5 years ago

Household costs among patients hospitalized with malaria: evidence from a national survey in Malawi, 2012

Household costs among patients hospitalized with malaria: evidence from a national survey in Malawi, 2012
Misheck Luhanga, Alfred Chalira, Kim A. Lindblade, Joseph Njau, Jobiba Chinkhumba, Doreen Ali, Melissa Briggs-Hagen, Don P. Mathanga, Monica P. Shah, Andy Bauleni, John Sande, Dubulao Moyo, Julie Gutman, Wilfred Dodoli, Ian Hennessee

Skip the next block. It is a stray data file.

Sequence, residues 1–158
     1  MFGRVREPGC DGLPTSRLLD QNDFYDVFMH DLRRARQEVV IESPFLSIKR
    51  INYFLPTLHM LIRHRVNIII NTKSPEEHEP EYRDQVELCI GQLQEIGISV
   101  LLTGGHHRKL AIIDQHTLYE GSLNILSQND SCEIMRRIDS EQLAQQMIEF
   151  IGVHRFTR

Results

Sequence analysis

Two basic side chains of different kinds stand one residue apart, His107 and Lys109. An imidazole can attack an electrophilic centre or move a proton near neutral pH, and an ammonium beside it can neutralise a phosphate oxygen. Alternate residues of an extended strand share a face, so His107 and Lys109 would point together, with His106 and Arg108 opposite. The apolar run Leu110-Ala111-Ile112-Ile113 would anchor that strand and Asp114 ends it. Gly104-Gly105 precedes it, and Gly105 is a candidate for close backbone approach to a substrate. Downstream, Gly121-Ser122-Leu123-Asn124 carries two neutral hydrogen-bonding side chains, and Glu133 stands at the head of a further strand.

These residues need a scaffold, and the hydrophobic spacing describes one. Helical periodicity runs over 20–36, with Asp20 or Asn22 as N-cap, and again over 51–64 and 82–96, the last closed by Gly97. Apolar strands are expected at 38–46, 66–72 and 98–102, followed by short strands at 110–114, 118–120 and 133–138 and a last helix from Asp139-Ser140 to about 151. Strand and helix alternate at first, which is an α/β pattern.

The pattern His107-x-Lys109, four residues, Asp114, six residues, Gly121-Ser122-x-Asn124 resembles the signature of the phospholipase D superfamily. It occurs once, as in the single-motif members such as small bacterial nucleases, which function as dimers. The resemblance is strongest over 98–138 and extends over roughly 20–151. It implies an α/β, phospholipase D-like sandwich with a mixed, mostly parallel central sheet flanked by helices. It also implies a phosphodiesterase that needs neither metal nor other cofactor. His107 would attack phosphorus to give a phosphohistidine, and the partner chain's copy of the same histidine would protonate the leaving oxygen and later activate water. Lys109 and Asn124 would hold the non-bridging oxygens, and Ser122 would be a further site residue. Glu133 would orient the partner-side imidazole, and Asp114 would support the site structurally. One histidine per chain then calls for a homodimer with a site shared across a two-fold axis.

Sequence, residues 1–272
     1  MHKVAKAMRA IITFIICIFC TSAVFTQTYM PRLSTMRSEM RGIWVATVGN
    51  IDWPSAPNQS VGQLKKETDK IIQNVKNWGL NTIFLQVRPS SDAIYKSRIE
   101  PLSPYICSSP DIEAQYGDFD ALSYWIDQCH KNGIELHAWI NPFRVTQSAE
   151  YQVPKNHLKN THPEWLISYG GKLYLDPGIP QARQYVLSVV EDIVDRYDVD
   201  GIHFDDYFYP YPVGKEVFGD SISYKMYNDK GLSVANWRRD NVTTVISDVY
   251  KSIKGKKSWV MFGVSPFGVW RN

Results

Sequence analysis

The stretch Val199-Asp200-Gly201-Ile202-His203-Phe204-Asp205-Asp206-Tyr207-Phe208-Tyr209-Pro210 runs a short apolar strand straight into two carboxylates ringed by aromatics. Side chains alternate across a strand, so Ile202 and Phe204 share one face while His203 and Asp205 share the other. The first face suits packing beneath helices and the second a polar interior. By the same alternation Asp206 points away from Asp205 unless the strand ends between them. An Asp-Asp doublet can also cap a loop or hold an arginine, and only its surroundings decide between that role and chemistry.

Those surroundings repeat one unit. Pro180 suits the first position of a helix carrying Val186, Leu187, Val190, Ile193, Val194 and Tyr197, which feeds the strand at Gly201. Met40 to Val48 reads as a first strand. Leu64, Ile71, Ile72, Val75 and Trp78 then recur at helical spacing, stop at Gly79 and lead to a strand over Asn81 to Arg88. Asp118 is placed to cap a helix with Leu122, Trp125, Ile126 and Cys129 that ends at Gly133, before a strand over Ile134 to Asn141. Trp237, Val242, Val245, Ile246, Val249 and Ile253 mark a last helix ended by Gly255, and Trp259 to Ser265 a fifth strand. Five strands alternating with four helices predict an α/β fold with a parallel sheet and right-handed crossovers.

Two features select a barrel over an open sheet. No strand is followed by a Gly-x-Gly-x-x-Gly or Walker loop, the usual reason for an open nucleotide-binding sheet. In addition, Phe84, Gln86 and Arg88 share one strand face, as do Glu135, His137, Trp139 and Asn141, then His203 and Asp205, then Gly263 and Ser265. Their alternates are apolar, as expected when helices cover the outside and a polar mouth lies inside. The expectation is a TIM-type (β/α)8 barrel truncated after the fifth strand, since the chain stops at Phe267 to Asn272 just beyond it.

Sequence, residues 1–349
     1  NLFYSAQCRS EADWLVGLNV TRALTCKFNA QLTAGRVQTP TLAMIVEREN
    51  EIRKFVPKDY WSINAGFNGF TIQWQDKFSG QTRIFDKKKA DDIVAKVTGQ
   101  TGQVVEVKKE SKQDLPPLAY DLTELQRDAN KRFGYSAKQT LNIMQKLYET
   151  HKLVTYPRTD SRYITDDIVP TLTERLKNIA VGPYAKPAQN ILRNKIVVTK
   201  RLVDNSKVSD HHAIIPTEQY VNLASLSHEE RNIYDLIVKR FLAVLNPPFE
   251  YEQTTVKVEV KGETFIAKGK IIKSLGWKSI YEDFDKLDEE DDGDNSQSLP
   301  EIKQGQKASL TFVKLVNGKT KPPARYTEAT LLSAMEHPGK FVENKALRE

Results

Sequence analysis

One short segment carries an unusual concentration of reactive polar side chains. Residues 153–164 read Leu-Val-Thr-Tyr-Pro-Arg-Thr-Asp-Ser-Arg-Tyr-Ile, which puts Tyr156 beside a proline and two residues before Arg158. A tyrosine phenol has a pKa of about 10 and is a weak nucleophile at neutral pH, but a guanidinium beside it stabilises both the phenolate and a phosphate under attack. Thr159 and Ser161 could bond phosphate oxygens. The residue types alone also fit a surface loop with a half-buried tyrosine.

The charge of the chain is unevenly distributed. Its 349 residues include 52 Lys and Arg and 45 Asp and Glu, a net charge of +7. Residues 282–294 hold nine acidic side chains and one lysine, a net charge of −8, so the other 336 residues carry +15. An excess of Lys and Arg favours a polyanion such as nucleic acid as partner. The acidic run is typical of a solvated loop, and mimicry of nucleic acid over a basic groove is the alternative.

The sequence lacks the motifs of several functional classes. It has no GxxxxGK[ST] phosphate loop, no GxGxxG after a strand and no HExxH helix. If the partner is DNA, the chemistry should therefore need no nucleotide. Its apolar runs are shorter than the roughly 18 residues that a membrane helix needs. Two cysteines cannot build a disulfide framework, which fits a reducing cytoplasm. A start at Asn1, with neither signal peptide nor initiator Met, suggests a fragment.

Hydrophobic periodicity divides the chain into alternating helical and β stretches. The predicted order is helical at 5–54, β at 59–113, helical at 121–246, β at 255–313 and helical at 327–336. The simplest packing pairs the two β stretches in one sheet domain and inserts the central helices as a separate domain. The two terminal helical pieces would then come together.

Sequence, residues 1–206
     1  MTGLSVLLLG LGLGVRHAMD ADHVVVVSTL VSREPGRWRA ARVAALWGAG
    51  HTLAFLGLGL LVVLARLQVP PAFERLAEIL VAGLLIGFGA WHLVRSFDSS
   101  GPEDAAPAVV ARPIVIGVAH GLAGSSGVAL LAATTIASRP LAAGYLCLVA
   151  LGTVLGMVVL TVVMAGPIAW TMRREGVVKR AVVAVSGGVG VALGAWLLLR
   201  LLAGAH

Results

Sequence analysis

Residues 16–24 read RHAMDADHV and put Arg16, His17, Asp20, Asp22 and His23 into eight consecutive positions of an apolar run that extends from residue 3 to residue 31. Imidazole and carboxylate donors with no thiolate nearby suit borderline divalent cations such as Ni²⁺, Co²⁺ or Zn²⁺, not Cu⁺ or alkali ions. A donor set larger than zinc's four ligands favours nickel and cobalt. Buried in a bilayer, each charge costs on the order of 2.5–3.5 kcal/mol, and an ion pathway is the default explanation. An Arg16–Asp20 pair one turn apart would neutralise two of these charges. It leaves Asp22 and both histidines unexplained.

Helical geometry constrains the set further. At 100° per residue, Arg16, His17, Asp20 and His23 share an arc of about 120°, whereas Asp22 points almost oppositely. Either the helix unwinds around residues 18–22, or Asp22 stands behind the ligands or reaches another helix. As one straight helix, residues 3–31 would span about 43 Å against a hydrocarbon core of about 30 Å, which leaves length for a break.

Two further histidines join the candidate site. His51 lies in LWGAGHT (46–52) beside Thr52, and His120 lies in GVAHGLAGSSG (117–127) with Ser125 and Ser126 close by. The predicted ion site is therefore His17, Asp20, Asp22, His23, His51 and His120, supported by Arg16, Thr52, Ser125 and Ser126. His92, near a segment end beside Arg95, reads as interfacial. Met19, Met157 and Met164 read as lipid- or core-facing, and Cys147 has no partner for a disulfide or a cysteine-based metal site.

With 71% of Malawians living on < $1.90 a day, high household costs associated with severe malaria are likely a major economic burden for low income families and may constitute an important barrier to care seeking. Nevertheless, few efforts have been made to examine these costs. This paper describes household costs associated with seeking and receiving inpatient care for malaria in health facilities in Malawi. A cross-sectional survey was conducted in a representative nationwide sample of 36 health facilities providing inpatient treatment for malaria from June–August, 2012. Patients admitted at least 12 h before study team visits who had been prescribed an antimalarial after admission were eligible to provide cost information for their malaria episode, including care seeking at previous health facilities. An ingredients-based approach was used to estimate direct costs. Indirect costs were estimated using a human capital approach. Key drivers of total household costs for illness episodes resulting in malaria admission were assessed by fitting a generalized linear model, accounting for clustering at the health facility level. Out of 100 patients who met the eligibility criteria, 80 (80%) provided cost information for their entire illness episode to date and were included: 39% of patients were under 5 years old and 75% had sought care for the malaria episode at other facilities prior to coming to the current facility. Total household costs averaged $17.48 per patient; direct and indirect household costs averaged $7.59 and $9.90, respectively. Facility management type, household distance from the health facility, patient age, high household wealth, and duration of hospital stay were all significant drivers of overall costs. Although malaria treatment is supposed to be free in public health facilities, households in Malawi still incur high direct and indirect costs for malaria illness episodes that result in hospital admission. Finding ways to minimize the economic burden of inpatient malaria care is crucial to protect households from potentially catastrophic health expenditures.
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